‘Pakistan’s youth needs to be
equipped with soft skills.’
Yasir Arafat, Pakistan’ leading trainer and motivational speaker, talks to SouthAsia in this exclusive interview with Waseem Shabbir Arain.
In his exclusive interview with SouthAsia, Yasir Arafat talks about his inspiring journey and different challenges and difficulties he has faced in trying to pursue his dreams.
How did you join this specific field and above all, what prompted you to become a leadership trainer?
Hailing from a poor family backdrop, my father was a lift mechanic and was only Matric qualified. I completed my primary and secondary education at the Government Comprehensive Model School, Gujranwala with flying colours. After Matriculation, I opened a tuition centre for secondary and elementary level students and also started home tuitions. Since early childhood, I wanted to become a fighter pilot, therefore, after doing my intermediate at the National Science College, I got admission in an Islamabad-based academy to get prepared for the Inter-Services Selection Board (ISSB) test. After realising my extraordinary communication skills, the same institute hired me as a trainer for coaching and guiding newcomers joining the academy for the preparation of the ISSB test.
Yasir Arafat is Pakistan’ leading professional trainer, motivational speaker and life coach. He has devised a training programme based on need analysis. Being associated with this specialized field of training and professional development for over 18 years, Mr. Arafat has conducted hundreds of life coaching sessions and empowered people through motivational speaking seminars and workshops at leading public institutions, multinational companies, universities and colleges and non-profit organisations (NGOs). Currently, he is serving the Gujranwala Chamber of Commerce and Industry as its Chairman of the Standing Committee on Training and Development.
Did you face any difficulties in trying to pursue your dreams?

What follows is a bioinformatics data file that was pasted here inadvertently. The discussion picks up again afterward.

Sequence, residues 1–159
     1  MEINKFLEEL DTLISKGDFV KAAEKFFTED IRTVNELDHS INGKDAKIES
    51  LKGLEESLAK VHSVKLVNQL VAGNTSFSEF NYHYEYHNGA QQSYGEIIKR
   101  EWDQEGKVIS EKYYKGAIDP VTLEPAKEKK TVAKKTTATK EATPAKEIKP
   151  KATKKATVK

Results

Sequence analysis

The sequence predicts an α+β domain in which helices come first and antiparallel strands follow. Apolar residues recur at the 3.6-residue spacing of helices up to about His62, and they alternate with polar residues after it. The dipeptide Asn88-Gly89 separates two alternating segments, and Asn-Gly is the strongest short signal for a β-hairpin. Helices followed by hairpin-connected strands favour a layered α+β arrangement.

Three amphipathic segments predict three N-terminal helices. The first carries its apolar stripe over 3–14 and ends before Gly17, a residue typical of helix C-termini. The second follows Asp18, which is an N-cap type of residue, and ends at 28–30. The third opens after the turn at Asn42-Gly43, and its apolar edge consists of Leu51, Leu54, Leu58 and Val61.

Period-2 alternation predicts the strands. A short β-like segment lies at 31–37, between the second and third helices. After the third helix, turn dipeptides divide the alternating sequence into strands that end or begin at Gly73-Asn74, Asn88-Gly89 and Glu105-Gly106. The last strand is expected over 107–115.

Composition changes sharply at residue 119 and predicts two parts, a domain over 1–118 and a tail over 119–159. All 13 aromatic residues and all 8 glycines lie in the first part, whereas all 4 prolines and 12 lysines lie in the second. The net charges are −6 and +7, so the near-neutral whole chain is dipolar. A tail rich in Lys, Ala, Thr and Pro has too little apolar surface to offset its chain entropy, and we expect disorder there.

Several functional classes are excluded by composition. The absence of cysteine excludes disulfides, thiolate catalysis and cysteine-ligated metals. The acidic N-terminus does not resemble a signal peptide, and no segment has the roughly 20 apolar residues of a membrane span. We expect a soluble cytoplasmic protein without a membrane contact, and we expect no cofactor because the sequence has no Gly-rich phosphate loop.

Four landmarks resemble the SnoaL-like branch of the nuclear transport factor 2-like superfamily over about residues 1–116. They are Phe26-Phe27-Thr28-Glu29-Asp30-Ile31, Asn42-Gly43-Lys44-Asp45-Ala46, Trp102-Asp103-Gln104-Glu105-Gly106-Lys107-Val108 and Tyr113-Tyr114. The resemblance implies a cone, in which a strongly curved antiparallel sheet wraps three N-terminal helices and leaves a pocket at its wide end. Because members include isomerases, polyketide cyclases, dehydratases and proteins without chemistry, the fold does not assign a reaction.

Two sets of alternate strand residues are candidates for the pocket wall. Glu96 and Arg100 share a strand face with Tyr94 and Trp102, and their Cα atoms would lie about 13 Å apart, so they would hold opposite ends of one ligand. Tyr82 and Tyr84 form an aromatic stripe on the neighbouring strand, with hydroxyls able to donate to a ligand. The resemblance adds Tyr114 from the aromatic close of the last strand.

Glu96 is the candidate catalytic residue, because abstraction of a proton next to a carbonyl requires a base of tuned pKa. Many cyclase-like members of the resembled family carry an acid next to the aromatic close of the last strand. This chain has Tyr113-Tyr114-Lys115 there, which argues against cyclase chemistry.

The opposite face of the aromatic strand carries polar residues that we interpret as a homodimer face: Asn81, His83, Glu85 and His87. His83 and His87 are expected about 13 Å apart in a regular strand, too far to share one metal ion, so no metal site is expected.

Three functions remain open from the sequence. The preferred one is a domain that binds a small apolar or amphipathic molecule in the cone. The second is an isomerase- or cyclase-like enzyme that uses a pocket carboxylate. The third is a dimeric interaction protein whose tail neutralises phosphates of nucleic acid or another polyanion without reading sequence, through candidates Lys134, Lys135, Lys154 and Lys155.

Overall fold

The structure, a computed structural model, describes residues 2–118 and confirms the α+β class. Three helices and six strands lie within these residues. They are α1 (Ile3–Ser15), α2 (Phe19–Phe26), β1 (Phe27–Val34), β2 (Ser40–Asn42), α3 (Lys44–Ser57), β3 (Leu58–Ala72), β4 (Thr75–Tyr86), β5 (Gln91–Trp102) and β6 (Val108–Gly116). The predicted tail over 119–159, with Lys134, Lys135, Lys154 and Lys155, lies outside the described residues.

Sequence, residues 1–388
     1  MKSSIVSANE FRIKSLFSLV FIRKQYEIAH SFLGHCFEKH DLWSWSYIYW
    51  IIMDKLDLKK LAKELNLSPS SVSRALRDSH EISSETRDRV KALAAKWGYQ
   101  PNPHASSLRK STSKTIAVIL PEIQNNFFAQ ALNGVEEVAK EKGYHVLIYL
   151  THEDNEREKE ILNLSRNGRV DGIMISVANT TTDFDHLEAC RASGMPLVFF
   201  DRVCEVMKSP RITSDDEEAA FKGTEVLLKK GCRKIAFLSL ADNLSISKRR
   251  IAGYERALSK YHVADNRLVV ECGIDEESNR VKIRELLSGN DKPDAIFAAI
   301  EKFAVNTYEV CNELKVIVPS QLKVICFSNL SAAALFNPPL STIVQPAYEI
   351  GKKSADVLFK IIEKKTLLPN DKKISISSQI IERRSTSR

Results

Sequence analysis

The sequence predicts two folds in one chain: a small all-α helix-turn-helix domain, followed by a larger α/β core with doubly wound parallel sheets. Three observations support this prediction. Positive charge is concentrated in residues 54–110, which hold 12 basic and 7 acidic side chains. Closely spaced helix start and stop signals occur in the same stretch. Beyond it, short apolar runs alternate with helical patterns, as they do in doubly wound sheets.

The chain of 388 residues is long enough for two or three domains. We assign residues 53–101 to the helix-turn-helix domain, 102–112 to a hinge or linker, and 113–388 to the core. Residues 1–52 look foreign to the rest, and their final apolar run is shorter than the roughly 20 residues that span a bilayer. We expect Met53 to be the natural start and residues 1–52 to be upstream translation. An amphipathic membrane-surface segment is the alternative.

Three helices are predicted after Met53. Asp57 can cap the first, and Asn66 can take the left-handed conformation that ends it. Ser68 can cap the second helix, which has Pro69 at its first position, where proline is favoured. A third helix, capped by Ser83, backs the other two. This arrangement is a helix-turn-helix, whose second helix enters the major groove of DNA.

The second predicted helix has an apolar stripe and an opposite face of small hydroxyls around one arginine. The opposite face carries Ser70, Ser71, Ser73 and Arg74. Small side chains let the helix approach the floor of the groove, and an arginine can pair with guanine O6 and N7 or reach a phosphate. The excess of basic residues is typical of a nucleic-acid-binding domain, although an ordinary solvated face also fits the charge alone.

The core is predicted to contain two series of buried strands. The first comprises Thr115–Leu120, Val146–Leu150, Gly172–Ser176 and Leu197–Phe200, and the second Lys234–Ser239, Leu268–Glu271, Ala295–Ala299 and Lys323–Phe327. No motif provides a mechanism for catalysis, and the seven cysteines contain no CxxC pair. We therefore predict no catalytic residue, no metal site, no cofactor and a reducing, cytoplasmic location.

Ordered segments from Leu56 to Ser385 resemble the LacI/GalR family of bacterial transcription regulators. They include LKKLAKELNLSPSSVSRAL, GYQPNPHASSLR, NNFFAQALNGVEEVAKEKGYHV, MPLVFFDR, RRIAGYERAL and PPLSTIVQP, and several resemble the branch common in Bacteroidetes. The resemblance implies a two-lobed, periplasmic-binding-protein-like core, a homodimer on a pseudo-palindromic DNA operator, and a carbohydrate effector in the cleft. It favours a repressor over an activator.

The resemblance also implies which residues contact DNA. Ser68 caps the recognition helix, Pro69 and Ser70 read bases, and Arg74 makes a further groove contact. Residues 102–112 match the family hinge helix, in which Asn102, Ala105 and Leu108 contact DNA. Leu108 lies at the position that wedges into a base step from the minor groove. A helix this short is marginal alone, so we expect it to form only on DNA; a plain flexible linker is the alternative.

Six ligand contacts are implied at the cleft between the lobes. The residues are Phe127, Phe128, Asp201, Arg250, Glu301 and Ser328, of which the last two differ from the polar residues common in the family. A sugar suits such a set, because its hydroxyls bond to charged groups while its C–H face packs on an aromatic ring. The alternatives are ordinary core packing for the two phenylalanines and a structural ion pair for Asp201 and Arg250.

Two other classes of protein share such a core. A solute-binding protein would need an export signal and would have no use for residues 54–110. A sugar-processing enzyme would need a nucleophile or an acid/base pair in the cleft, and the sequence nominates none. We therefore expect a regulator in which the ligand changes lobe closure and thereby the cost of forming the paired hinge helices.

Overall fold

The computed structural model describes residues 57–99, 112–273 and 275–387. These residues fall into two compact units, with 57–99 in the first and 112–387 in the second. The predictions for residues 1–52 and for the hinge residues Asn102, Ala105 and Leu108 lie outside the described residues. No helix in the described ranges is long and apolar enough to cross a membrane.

I wanted to become a fighter pilot and appeared in the ISSB examination but unfortunately, I couldn’t get the recommendation. For me, that was the biggest failure in my life. Meanwhile, I realised that in a city like Islamabad I can find many opportunities to groom myself. Therefore, I decided to do my Bachelor’s over there besides doing some odd jobs on a part-time basis to support myself as well as my family. I had to sleep on the footpath and even spent nights in mosques and auto rickshaws. Finally, I managed to live in a university hostel in Rawalpindi. Despite many odds, I did my Master’s in Political Science with majors in Defence and Strategic Studies and International Relations, becoming the first person in my family to earn a Master’s degree.
How did your interest in teaching help you become a life coach and professional trainer?
After the completion of my Master’s in Political Science, I started teaching in private schools and during that period when I realised my potential as a counsellor and motivational speaker. Besides working full-time as a schoolteacher, I started giving pro bono lectures on motivation and personal growth in different schools. Moving ahead, I conducted various sessions on career counselling and study management and also started training teaching staff and acted likewise in many government and private colleges in Gujranwala and beyond.
Yasir Arafat meeting with President of Pakistan Arif Alvi.
What are the major departments you are currently working with as a leadership trainer?
The major partners on board are: Management & Professional Development Department (MPDD), Federal Investigation Agency (FIA), Directorate General of Training and Research (DGTR) Customs, Police Training Institute, State Bank of Pakistan, Federal Board of Revenue (FBR), Anti-Narcotics Force (ANF), Counter Terrorism Department (CTD), Punjab Safe Cities Authority (PSCA), Punjab Information Technology Board (PITB), Gujranwala Chamber of Commerce and Industry (GCCI), Higher Education Department, as well as different military wings and departments that come under federal and provincial governments.
What are the initiatives you have taken for the empowerment of youth?
Pakistan’s youth needs to be equipped with modern education and soft skills to meet the challenges of the 21st century. On my part, I am currently serving as General Secretary at the Pakistan Youth Assembly with the sole objective to empower the youth. In a similar vein, I have taken a number of initiatives under the ongoing ‘Youth Empowerment Programme’ in different cities to empower the youth and equip them with much-needed soft skills. In addition that that, whenever I am invited to speak to different universities and educational institutes, I always prefer to volunteer my services and have all my interactions and sessions with young students.
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